As a beginner, I wouldn't worry too much about this. There are good players who play with all kinds of techniques that others might find less than ideal. This is the kind of thing that you will revisit and change as you continue to play and develop.
That said, there are a few reasons not to anchor your pinky on the soundboard. I have heard some claims that anchoring the pinky to the top changes the sound of the instrument. This would probably only be significant on an acoustic instrument, and I am a little skeptical of this as a compelling reason to avoid such anchoring. Maybe on a classical guitar. But there are better reasons.
If you are using a pick when you play, anchoring the pinky may reduce mobility in your picking hand, or you may find that you have to switch your hand position when changing from picking single notes to freer rhythmic comping. Note that different tones can be achieved by picking closer to the bridge, or closer to the neck, but this requires mobility in the picking hand.
If you are playing in a finger-picking style, anchoring the pinky also removes one finger from the pool of fingers available for picking notes. That is, by anchoring you have three fingers and a thumb instead of four fingers and a thumb to play with. If you do try to use all four fingers when anchoring, you first have to pick up your pinky to get it into action, changing your hand position. Sometimes players use a pick, but also use the fingers occasionally to pluck individual strings, and you almost have to pick up an anchored pinky to play in this way.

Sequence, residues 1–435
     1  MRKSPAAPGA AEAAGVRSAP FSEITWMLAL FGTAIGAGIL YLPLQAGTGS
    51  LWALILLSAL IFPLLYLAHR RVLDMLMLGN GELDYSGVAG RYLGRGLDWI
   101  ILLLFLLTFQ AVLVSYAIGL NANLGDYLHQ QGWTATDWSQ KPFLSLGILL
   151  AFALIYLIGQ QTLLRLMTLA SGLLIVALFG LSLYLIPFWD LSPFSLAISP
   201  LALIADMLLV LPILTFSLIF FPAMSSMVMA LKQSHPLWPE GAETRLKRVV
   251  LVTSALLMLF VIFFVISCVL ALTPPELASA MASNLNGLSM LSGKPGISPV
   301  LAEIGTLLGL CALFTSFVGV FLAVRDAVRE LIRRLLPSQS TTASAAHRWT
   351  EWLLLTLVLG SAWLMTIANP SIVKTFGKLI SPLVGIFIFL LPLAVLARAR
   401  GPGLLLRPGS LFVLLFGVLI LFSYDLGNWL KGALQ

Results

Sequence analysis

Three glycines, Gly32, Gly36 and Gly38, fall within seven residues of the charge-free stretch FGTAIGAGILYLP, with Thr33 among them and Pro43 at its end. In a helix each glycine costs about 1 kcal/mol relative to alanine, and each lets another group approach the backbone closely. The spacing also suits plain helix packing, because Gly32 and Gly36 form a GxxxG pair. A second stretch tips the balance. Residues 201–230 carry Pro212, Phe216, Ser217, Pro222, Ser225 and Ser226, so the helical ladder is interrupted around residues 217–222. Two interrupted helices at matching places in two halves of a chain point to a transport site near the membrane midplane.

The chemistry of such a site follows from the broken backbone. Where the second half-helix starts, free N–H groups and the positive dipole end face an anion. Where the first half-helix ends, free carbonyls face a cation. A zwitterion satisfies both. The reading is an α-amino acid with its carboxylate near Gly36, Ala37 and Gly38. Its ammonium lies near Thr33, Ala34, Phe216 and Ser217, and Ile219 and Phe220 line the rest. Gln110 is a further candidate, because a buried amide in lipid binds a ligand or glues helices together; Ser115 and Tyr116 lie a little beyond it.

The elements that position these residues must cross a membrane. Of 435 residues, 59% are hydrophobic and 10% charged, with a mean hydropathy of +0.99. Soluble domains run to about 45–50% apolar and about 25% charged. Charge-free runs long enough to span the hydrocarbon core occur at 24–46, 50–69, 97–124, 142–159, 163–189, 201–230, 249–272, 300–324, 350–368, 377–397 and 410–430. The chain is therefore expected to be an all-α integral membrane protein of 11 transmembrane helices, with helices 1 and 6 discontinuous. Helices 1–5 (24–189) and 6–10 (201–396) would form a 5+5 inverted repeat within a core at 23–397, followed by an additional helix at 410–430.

The main advantage to anchoring the pinky seems to be that it provides a sort of reference to help you pick strings accurately. Some people allow the pinky to lightly touch the top of the instrument instead of firmly anchoring it. In this way the pinky can sort of slide around as the picking hand moves, improving mobility, and some feedback is provided to help keep picking accurate. This still has the disadvantage of requiring you to pick up the pinky and reposition the hand when you want to actually use your pinky to play. The best solution, in my opinion, is to avoid anchoring completely by allowing the picking hand to float over the strings. The palm or the heel of the hand can lightly brush the lower strings which aren't played (providing a palm mute), at the same time providing some feedback to help with picking accuracy.
Unrelated to pinky anchoring, but related to pinkies, often new players don't control the pinky on the fretting hand very well, allowing it to snap away from the fretboard when not in use. This means that when the pinky is needed to fret a note, it must move a further distance than it really needs to, and quickly, making accuracy more difficult. It is good to get into the habit of keeping all of the fretting fingers close to the strings so that they only need to move a short distance when they are needed.